Looking to buy a Cricut, but not sure which model you should get? What is the difference between the Cricut Explore and the Cricut Maker? Here is everything you need to know to decide what to buy.
What is the difference between the Cricut explore and the Cricut maker?
Anyone who knows me, knows that I love to make things with my Cricut. Because not only do I share my projects online, I am often wearing, using, or sharing my projects in “real life”. Between friends and family, neighbors and school teachers, I am often asked for help and advice. With the release of the Maker, the most frequently asked questions lately is this: which Cricut machine should I get?
I have written a whole guide to the Cricut Explore machines (get the Cricut Explore Faq guide here) but felt the new Maker needed an entire post of its own to explain the difference between Cricut Explore and Cricut Maker. So this post is all about the comparisons between the machines.
How to choose Cricut Maker vs Explore Air 2
What do you plan on making?
Which machine do you need? Well, like most things in life, it depends. What types of projects do you want to make, and how often? You see, the Explore Air 2 (well, all of the explore machines) are awesome, and are not going anywhere. If you mostly craft with cardstock, paper, vinyl, or iron on vinyl the Explore Air is perfect for you.
The Cricut Maker can do everything the Explore Air 2 can and MORE!
The biggest difference in the machines is that the maker has a new adaptive tool system. The tools have a gear mechanism that allows different types of tools to be used and with more force. The rotary blade, knife blade, and scoring wheels use these gears, which is why they cannot be used on the earlier machines. The Cricut Maker can also use the fine tip blade and deep cut blades used on the Explore Air machine, along with the pens and scoring stylus. The maker can do everything the Explore Air can, plus more.
If you plan on cutting fabric (and not needing to bond or stabilize it) or want to cut thicker materials like leather, balsa wood, or chipboard, you will need the Cricut Maker.
My opinions in summary: it depends on what you want to spend. If you are just getting started and want to begin making iron on, vinyl, or cardstock projects the Cricut Explore Air 2 is a perfect machine to grow into. If you are ready for some new projects; if you want one machine that can do everything; if you want to buy it once and never upgrade: get the Cricut Maker.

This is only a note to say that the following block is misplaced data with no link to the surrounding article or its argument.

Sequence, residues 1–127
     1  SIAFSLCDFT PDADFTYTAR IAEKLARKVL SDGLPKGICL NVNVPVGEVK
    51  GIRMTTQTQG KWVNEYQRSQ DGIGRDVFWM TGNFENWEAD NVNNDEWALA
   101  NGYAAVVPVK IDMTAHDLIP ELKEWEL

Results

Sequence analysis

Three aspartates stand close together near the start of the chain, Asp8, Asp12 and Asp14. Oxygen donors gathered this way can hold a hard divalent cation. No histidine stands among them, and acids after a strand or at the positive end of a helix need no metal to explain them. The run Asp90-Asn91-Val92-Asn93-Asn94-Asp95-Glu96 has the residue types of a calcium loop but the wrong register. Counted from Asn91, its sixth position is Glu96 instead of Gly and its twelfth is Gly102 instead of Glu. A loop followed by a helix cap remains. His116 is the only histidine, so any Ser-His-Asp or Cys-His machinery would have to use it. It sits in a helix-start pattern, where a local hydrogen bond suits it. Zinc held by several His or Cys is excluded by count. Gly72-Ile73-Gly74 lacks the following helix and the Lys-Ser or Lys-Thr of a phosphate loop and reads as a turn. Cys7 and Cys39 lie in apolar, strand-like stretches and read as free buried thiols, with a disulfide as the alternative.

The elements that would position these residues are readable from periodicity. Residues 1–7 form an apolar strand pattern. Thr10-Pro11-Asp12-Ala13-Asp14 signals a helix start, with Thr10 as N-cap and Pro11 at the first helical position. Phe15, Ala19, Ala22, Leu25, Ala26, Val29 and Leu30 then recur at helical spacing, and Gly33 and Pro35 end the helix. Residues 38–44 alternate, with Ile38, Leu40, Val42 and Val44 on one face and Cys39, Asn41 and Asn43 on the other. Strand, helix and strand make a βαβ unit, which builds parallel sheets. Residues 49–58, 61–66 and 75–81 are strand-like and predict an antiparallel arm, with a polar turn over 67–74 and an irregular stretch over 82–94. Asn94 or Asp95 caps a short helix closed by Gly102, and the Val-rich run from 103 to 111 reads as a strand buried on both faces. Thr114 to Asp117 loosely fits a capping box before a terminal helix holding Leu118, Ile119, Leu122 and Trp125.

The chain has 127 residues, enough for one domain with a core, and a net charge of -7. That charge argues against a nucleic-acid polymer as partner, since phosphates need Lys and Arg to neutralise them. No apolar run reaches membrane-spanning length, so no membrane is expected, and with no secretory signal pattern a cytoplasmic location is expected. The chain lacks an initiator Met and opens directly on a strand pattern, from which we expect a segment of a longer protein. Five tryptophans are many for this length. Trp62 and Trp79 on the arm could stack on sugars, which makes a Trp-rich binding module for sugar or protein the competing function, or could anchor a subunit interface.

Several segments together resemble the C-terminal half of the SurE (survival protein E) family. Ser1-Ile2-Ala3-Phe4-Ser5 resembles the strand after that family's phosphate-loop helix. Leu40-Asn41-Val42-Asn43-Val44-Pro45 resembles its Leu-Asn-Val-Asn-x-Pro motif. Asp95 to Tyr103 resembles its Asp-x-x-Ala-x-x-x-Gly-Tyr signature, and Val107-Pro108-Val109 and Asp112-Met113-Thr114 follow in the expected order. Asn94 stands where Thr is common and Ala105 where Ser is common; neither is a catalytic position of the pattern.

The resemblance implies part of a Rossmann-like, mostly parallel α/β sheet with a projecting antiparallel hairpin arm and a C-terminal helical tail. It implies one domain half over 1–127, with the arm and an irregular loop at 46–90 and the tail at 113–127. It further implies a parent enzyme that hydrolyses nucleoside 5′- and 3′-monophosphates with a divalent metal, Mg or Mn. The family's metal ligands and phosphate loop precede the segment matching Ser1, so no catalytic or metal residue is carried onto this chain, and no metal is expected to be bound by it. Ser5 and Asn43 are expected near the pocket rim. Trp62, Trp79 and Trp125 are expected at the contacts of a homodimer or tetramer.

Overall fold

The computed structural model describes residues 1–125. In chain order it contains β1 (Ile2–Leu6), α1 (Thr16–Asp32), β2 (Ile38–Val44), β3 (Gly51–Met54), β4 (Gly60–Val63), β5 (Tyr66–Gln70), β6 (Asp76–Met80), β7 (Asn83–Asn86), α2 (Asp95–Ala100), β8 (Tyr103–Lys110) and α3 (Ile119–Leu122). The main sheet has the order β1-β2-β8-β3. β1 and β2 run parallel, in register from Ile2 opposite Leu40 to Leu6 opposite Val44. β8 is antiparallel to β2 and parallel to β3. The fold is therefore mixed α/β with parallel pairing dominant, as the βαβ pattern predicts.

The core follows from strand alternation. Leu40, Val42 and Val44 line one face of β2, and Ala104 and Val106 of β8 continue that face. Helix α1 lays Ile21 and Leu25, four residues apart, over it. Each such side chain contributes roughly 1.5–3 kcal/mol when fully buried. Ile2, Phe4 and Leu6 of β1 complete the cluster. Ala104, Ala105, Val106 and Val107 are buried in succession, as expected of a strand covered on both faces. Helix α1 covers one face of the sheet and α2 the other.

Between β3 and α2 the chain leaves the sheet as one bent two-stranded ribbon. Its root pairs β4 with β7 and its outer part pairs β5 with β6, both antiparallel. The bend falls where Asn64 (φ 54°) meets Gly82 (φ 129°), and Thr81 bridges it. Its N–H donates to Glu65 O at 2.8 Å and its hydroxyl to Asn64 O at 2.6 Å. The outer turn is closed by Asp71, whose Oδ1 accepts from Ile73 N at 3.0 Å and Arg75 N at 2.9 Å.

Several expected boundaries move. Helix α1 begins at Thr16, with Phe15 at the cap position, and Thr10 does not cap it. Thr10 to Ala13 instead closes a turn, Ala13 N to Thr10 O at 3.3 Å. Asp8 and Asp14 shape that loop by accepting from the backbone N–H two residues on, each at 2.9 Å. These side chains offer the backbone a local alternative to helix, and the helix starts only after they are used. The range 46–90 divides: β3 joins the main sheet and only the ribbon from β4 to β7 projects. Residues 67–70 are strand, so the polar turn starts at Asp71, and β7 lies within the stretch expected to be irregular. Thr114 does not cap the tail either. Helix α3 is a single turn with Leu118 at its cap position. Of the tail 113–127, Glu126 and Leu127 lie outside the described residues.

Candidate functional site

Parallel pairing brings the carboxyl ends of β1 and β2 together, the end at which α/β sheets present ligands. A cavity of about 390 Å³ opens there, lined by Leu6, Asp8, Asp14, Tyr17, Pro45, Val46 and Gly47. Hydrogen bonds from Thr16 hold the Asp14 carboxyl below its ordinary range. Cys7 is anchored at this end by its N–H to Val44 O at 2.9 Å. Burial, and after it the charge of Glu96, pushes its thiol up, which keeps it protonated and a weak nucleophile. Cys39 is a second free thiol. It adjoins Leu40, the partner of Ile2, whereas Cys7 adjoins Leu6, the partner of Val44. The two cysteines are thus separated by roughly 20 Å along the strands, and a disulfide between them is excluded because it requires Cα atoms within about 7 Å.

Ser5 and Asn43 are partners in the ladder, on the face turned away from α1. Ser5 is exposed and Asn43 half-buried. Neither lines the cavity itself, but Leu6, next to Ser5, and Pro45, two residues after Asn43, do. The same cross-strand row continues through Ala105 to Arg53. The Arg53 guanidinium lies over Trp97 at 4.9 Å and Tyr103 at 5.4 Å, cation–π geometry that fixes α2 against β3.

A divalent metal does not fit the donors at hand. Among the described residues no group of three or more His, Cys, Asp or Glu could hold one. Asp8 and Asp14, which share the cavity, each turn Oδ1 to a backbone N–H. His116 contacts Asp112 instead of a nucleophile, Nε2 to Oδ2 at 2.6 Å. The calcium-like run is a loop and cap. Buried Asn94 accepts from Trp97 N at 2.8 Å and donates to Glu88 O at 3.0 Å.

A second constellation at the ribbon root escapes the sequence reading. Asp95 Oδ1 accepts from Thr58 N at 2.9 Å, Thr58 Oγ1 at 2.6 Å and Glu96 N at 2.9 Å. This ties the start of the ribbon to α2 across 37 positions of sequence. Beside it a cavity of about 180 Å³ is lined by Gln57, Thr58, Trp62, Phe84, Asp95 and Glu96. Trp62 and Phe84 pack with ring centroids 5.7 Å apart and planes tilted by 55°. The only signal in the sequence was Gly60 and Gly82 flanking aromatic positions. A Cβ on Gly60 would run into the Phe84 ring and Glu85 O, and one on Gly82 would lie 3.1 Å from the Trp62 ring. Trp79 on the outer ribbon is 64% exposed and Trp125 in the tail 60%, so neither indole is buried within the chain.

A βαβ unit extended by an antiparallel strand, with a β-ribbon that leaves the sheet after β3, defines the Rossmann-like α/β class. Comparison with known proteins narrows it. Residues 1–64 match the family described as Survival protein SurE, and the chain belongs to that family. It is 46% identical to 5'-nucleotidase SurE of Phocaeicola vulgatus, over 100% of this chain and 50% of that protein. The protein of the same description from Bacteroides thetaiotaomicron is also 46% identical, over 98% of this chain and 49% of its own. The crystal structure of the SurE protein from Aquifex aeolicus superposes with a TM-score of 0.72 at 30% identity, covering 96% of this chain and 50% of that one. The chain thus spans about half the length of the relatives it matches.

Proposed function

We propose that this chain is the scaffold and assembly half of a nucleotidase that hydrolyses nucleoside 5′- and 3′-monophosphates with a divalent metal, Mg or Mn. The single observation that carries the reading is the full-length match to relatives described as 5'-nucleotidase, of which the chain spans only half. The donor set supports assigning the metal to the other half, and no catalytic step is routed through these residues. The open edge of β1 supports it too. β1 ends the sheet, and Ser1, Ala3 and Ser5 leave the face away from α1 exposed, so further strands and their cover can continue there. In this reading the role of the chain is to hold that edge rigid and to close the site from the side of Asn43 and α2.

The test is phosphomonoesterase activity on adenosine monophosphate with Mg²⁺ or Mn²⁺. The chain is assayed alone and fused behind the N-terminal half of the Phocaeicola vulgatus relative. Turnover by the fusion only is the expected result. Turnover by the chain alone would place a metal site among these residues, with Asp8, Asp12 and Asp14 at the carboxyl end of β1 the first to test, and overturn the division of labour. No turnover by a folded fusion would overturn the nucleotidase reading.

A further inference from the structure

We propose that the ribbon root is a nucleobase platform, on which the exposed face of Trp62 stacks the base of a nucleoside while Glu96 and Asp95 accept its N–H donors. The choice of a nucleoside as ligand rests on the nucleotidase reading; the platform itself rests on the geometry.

Top Reasons To Buy A Maker
From my personal experience, the Maker machine has really improved the types of projects I can make. The best reason to buy a Cricut Maker is because of the types of projects you can make with it. Making doll clothes became a reasonable project I could easily tackle. Cutting new materials is really exciting. For my Christmas home decor this year I made monogram stocking tags (stocking charms? I am not sure what best to call these) for each of my kids.
Let me show you how I made these DIY Monogram stocking tags in under an hour.
This project was made using the knife blade to cut leather on the Cricut Maker. You can look at or use my design file in design space here.
How to Design Your Leather Monogram Stocking Tags
To make a different letter, chose the font and size you would like it to be. Duplicate the letter and mirror image it. Add a rectangle to join the letters together and weld all three shapes together.
If you would like to add an accent color, duplicate your letter design. You can cut out the entire letter in iron-on vinyl and decide from there where to cut it. I designed mine in design space by slicing the letter with a basic shape. Either method will work, its just a preference of saving materials or saving time prior to cutting.
After cutting your materials out, attach the iron on to the leather using the EasyPress 2 or a household iron. Glue your letter together using hot glue or rubber cement. Press with books or binder clips until the glue has adhered really well.
This is a sponsored conversation written by me on behalf of Cricut. The opinions and text are all mine.